The IRS’s new draft forms for partnerships will create significant new compliance challenges for taxpayers, particularly with regard to new tax basis capital account reporting.
The recently released 2019 draft forms and instructions for Form 1065, U.S. Return of Partnership Income, and the Schedule K-1, Partner’s Share of Income, Deductions, Credits, etc., include significant new reporting requirements. The requirements will add to the compliance burden for many partnership, which are already dealing with many technical issues and uncertainties arising from the Tax Cuts and Jobs Act, including the interest limit under Section 163(j), ordinary income treatment for certain compensatory interests under Section 1061, and the deduction under Section 199A.
Most significantly, the draft forms require that partner capital accounts be reported solely on a “tax basis” and that information about each partner’s Section 704(c) built-in gain or loss (“net unrecognized built-in gain or loss”) be reported. Neither of these items had previously been required to be reported (except for negative tax basis capital amounts that were required to be reported for the 2018 tax year), and the instructions for the new reporting do not meaningfully define or describe the information that is being requested1
The IRS released the draft forms in late September 2019 and the draft instructions at the end of October 2019. In an information release accompanying the forms, the IRS said the purpose of the changes is to improve the quality of information reported by partnerships both to the IRS and partners, and to help the IRS assess compliance risk and identify potential noncompliance while leaving compliant taxpayers less likely to be examined. Presumably, the IRS will use this information to assist in partnership examinations, which are anticipated to increase under the new partnership audit regime under the Bipartisan Budget Act of 2015. Partnerships without proper records of tax basis and Section 704(b) book capital may fall under scrutiny in partnership examination.
Informal comments from the IRS have indicated that while the draft instructions may undergo revisions to reflect comments, the draft forms are expected to be finalized in their current state by the end of December. Commentators have recommended delaying the implementation of the new reporting by one year, but there is no assurance that the government will agree to a delay.
The requirement to report capital accounts on a “tax basis” for 2019 was foreshadowed by a requirement for 2018 partnership returns to report using tax basis capital in limited situations where a partner had negative tax capital. Prior to the 2018 tax year, partnerships were permitted to provide capital account information using one of several approaches (tax basis, 704(b), GAAP, or “other”) and, thus, had significant flexibility. Such flexibility was narrowed for the 2018 tax year with respect to any partner having negative tax basis capital either at the beginning or end of the tax year. In that situation, beginning and ending tax basis capital accounts for such partners were required to be provided. Thus, for 2018, not all partnerships were required to report capital accounts on a tax basis. For 2019, with the exception of certain smaller partnerships having total receipts for the tax year less than $250,000 and having total assets less than $1 million, all partnerships must report using tax basis under the draft forms.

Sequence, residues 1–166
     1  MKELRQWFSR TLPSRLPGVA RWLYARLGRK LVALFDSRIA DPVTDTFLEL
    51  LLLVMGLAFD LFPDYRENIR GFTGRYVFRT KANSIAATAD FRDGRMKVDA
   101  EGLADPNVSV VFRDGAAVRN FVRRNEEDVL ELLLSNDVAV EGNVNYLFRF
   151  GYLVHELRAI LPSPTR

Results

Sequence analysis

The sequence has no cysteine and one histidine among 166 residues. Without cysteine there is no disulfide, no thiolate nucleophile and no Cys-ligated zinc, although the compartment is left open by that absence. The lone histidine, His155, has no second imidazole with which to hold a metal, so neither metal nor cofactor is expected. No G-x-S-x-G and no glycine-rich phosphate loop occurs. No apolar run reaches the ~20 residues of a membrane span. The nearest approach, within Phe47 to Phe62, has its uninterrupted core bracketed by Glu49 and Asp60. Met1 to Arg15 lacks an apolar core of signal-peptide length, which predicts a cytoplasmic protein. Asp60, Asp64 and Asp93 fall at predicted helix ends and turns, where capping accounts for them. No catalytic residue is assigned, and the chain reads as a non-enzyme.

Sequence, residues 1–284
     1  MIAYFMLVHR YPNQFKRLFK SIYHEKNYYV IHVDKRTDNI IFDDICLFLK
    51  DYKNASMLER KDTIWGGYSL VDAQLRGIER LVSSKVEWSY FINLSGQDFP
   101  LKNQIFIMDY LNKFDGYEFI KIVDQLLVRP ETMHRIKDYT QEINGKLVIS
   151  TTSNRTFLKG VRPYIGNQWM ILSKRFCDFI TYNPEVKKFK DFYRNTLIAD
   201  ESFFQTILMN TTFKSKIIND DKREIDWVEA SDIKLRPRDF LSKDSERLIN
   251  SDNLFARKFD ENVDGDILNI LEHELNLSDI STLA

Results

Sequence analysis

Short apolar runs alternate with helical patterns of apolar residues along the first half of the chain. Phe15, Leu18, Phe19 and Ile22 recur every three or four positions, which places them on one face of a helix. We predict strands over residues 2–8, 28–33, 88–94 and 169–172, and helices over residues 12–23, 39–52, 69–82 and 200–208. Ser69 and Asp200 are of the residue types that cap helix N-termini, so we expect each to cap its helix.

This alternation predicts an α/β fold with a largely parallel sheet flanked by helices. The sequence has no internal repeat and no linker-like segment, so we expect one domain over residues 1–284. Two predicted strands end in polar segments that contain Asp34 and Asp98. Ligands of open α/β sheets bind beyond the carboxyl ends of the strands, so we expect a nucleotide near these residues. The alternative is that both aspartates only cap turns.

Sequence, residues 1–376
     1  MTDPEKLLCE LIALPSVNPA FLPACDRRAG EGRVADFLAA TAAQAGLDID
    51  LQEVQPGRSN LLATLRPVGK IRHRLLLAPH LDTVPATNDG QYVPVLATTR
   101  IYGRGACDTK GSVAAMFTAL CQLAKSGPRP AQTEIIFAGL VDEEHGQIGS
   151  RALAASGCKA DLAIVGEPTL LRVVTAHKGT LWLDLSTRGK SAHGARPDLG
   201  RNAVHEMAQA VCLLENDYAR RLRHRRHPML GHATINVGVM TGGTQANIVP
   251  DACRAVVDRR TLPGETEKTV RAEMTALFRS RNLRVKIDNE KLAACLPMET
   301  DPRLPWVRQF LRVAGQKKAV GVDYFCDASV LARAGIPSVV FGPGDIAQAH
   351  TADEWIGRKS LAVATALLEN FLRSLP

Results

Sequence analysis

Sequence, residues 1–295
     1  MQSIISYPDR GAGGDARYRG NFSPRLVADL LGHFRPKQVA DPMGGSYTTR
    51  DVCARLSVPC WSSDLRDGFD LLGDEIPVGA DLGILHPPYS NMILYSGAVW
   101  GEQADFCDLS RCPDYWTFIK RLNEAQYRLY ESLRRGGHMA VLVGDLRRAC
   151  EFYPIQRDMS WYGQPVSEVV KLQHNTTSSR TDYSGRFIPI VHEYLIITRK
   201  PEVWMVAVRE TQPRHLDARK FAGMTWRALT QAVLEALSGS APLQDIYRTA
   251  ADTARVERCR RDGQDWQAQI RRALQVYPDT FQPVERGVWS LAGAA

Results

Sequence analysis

When the concept of negative tax basis capital was first introduced for the 2018 tax year, there was some confusion about the meaning of the term. Informal commentary from the IRS eventually revealed that the concept was generally aimed at a partner’s share of inside tax capital. The IRS provided guidance as to the meaning of the term in form instructions2
and an FAQ that included a safe harbor3
. In addition, prior to releasing the FAQ, the Service issued Notice 2019-20, which allowed partnerships to report negative tax basis capital account information with their 2018 return or at a later date (but no later than 180 days after the six-month extended due date of the partnership’s Form 1065) provided certain conditions were met.4
New requirements in draft forms and instructions
The Draft Instructions explain that the term “tax basis capital” means:
- The amount of cash and tax basis of property contributed by a partner subtracted by the amount of cash and tax basis of property distributed to a partner net of any liabilities assumed in connection with or subject to such contributions or distributions
- The partner’s cumulative share of partnership taxable income and tax-exempt income
- The partner’s cumulative share of taxable loss and nondeductible, noncapital expenditures.
Notably, while the FAQ for 2018 included basis adjustments under Sections 734(b) and 743(b) in the computation, the new draft Instructions specifically exclude basis adjustments under Section 743(b) from the computation and do not address the inclusion of Section 734(b). Accordingly, at this time, looking to the FAQ for 2019 reporting does not provide clarity. It is expected that the IRS will clarify in the final version of the draft instructions whether the tax basis capital accounts include basis adjustments under Sections 734(b) and 743(b).
Regarding reporting on Section 704(c), the draft instructions are not clear on the meaning of the term “net unrecognized built-in gain or loss.” In addition, if a partner received any Section 704(c) income or deduction items that are included in any line item on Schedule K-1, reporting is required on Line 20 of Schedule K-1 (Code AA) of “net section 704(c) adjustment,” but this has not been previously defined in the regulations or guidance issued by the IRS.